Julia Grant First Spouse Gold Coin in Proof Sells Out

by CoinNews.net on April 1, 2012 · 6 comments

Featuring a portrait of Julia Grant, the first 2011-dated First Spouse Gold Coin sold out Friday afternoon with ending sales under 4,000. Last listed at a price of $1,004.00, the U.S. Mint website is showing the proof version of the Julia Grant First Spouse Gold Coin as "Sold Out" while the uncirculated coin remains available for $991.00.

Julia Grant First Spouse Gold Coin - Proof

The proof Julia Grant First Spouse Gold Coin sold out Friday

The one-half ounce, 24-karat gold proof coin was released with its companion on June 23, 2011. The most recent sales figures as of March 26, 2012 had weekly sales of the proof up a modest 4 to 3,968 and the uncirculated up 5 to 2,580 for a total sales count of 6,548.

The amount is well below the maximum 15,000 mintage announced for both coins when they were released, but the U.S. Mint has shown a recent tendency to produce fewer of the spousal coins given waning demand for the series in general. In the further past, the U.S. Mint had often kept each set of First Spouse Gold Coins on sale for one year or until they were replaced by a newer year’s issues. The U.S. Mint now seems to produce a finite number coins based on early buying trends. When those are gone, no more are produced and a sell-out can then occur.

The U.S. Mint delivers more proof coins than uncirculated, which suggests that the Julia Grant First Spouse Gold Coin sales total could stay below 7,000 even should the uncirculated issue remain available for many more weeks.

On a notable level, Julia Grant’s proof now sports the lowest mintage across all other no longer available proofs. Margaret Taylor’s 2009-dated proof had been most scarce at 4,787 — although the scarcest title could well be earned by another of last year’s issues before all is said and done.

In addition to the uncirculated Julia Grant First Spouse Gold Coin, the United States Mint continues to offer six others in the series. Those and their most recent sales include:

First Spouse Gold Coin Release Dates Latest Sales
Proof Eliza Johnson May 5, 2011 3,811
Uncirculated Eliza Johnson 2,847
Proof Lucy Hayes Sept. 1, 2011 3,116
Uncirculated Lucy Hayes 2,007
Proof Lucretia Garfield Dec. 1, 2011 2,600
Uncirculated Lucretia Garfield 1,640

 

Each of the coins may be purchased at the U.S. Mint’s website, http://www.usmint.gov/catalog, and at 1-800-USA-MINT (872-6468).

An announcement has not been made yet for when this year’s coins will begin to make their appearance.

{ 6 comments… read them below or add one }

jim April 2, 2012 at 10:25 am

So, in fact the coin did not sell out, the mint on their own decided to change the law and mint a smaller number of coins than the law authorizes. I understand the mint’s desire to not mint more than the demand but they can at least honor the law and mint what they said they would (i.e. 15,000 max) up to the same date the associated presidential coin is available for sale. Is this a lame idea from the incompetent deputy director of the mint? They’re not at all hesitant to delay delivery until it suits them so why not mint the coins one final time at the end of the run for all the orders unfulfilled up to that point and then call it quits for that coin?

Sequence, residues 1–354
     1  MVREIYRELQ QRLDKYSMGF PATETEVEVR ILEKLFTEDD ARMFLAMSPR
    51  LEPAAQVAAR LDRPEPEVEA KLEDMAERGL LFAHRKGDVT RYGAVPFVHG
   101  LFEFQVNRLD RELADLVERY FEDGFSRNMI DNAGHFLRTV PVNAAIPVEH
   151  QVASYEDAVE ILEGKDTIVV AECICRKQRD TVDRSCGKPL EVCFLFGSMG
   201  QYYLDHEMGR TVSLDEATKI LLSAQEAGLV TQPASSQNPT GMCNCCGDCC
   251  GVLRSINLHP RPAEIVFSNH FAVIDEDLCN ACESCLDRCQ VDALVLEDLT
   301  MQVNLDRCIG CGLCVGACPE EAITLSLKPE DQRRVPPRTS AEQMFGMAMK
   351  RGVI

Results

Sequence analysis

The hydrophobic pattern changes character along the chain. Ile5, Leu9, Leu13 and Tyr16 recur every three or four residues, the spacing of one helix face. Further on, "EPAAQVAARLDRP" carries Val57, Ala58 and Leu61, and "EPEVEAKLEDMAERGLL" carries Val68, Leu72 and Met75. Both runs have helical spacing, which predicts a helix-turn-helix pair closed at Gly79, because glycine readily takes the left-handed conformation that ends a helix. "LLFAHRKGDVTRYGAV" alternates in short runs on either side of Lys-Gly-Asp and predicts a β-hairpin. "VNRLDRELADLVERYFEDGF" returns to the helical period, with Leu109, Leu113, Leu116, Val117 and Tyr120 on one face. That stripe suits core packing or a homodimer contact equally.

bill April 2, 2012 at 11:41 am

the law only applies to people not in the government
or if you make below 100,000. /sarc

RonnieBGood April 2, 2012 at 11:49 am

Hello Jim,
This is confusing terminology. You are right. They did not sell out. Should say, “Goes Off Sale”. What happens is that when is not enough demand (not enough sales to meet the 15k max) at a point in time (of the Mint’s determination) they stop selling. They have a mintage run and when that sells out or comes close they stop selling (after 1 year of sales). I am sure that this is cost effective for the Mint but it is very confusing for Collectors. We never know when coins will go off sale! One other point. If they did mint the 15k and only sold 6,548 then they would have to melt the remaining for future coin mintage. I like your idea on an end run, however, there may be an issue with Orders Due to the Price Fluctuations of Gold.

Zaz April 2, 2012 at 3:02 pm

The terminology that is applicable to this process is “forecasting.” The Mint, using available market trends and the precious metal prices of the previous 4-5 months, will predict how many gold coins can be sold, usually within a quarterly period, for about a year’s time. It means they will strike an initial batch of coins then periodically supplement with additional smaller runs during the year the coin is available for sale. The 15K is a maximum guide only, and it won’t be anything near that for each of the 2011 FS coins. The more realistic sales figure is 4,000 per proof and 3,000 per uncirculated.

george glazener April 2, 2012 at 3:39 pm

Sounds good in theory, but knowing this bunch, they probably just pull a number out of their ass. It’s easier that way, and they can get back to texting their friends sooner.

TucsonAZ April 16, 2012 at 12:38 pm

I wonder if the Mint to delaying issuance of the 2012 FS issues so they can ensure that they sell as many of the 2011 issues as possible. There’s been no explanation (or least none I have heard) why the 2012 FS issues are being delayed so long.

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